Bear and Ladder
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Bearland has infinitely many cities, numbered starting from 1. Some pairs of cities are connected with bidirectional roads:
- There are roads 1-2, 3-4, 5-6, 7-8, and so on (there is a road between cities 2*i+1 and 2*i+2 for every non-negative integer i).
- There are roads 1-3, 3-5, 5-7, 7-9, ... (between every two consecutive odd numbers).
- There are roads 2-4, 4-6, 6-8, 8-10, ... (between every two consecutive even numbers).
This is how the first few cities and roads between them look like:
You are given Q queries. In each query, for the given pair of different cities a and b, you should check if there is a road between them. For each query, print "YES" or "NO" accordingly.
The first line of the input contains an integer Q, denoting the number of queries.
Each of the following Q lines contains two distinct integers a and b, denoting two cities in one query.
For each query, output a single line containing the answer — "YES" if there is a road between the given cities a and b, and "NO" otherwise (without the quotes).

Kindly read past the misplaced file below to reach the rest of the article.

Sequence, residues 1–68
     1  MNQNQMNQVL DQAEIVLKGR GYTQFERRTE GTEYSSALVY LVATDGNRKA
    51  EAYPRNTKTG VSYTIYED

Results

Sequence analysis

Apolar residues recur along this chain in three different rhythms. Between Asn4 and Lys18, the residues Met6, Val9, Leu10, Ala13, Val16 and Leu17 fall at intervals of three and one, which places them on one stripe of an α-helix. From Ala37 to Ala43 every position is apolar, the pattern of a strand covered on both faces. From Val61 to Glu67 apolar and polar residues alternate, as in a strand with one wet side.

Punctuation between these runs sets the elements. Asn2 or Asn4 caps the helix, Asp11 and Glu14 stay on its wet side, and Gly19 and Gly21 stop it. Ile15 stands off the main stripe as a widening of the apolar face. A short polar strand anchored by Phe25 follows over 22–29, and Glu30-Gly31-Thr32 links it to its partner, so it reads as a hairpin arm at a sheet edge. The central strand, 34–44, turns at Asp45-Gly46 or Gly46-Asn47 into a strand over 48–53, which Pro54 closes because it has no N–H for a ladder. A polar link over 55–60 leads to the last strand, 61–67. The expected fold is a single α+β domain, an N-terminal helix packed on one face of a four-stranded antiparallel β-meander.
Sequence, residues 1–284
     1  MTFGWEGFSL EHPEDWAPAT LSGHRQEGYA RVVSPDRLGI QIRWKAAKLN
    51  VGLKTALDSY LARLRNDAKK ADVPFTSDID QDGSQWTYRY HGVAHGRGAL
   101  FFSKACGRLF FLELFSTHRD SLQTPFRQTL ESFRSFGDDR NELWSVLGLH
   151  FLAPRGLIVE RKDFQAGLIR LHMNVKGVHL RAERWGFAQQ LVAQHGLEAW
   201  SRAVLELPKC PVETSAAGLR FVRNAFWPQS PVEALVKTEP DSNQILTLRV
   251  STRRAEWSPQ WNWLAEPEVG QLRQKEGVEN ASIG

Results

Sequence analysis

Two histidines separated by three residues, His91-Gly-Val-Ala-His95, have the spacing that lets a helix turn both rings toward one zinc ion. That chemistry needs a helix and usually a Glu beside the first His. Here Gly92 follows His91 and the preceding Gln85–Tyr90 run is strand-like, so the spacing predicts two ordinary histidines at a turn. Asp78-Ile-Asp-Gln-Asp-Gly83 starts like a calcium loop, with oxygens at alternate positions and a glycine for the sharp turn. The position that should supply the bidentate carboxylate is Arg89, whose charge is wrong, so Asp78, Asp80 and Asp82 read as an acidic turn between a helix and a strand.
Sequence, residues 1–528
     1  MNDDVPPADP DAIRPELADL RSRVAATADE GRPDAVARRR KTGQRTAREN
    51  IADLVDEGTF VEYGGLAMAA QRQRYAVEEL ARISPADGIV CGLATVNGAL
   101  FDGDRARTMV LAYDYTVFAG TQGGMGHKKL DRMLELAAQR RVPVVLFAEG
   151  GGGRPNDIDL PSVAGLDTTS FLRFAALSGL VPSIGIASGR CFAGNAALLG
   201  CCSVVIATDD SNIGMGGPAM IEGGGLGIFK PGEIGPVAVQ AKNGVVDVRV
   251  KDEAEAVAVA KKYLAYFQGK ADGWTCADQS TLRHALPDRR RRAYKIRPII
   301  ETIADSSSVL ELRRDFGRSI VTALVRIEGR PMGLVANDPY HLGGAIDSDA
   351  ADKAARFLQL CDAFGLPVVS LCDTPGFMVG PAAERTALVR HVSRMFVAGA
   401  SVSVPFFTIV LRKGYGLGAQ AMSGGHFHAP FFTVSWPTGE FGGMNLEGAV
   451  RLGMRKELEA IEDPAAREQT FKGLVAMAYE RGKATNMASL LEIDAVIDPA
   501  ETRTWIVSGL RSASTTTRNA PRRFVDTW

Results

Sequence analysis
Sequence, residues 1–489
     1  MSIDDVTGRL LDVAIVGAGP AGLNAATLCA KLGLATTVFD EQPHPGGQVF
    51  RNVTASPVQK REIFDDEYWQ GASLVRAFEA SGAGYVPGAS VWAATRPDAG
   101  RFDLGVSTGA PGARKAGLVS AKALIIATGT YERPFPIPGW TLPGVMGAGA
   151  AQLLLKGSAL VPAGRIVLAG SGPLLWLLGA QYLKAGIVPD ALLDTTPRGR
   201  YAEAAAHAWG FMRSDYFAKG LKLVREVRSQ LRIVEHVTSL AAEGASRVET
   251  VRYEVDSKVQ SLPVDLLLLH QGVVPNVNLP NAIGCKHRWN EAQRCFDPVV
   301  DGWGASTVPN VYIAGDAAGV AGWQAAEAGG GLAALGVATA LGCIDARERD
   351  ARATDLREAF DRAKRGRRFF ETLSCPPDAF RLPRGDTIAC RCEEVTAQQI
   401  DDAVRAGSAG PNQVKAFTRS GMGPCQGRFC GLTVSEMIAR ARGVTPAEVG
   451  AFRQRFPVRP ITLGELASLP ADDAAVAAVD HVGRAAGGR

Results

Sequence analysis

- 1 ≤ Q ≤ 1000
- 1 ≤ a, b ≤ 109
- a ≠ b
Input: 7 1 4 4 3 5 4 10 12 1 3 999999999 1000000000 17 2384823 Output: NO YES NO YES YES YES NO
In the example test, the answer is "YES" for pairs (4, 3), (10, 12), (1, 3) and (999999999, 1000000000). Roads 3-4 and 1-3 you can see on the drawing in the statement.
The answer is "NO" for example for a pair (1, 4), because there is no road between cities 1 and 4.
|Tags||cakewalk errichto ltime46|
|Time Limit:||1 sec|
|Source Limit:||50000 Bytes|
|Languages:||ADA, ASM, BASH, BF, C, C99 strict, CAML, CLOJ, CLPS, CPP 4.3.2, CPP 4.9.2, CPP14, CS2, D, ERL, FORT, FS, GO, HASK, ICK, ICON, JAVA, JS, LISP clisp, LISP sbcl, LUA, NEM, NICE, NODEJS, PAS fpc, PAS gpc, PERL, PERL6, PHP, PIKE, PRLG, PYPY, PYTH, PYTH 3.4, RUBY, SCALA, SCM chicken, SCM guile, SCM qobi, ST, TCL, TEXT, WSPC|
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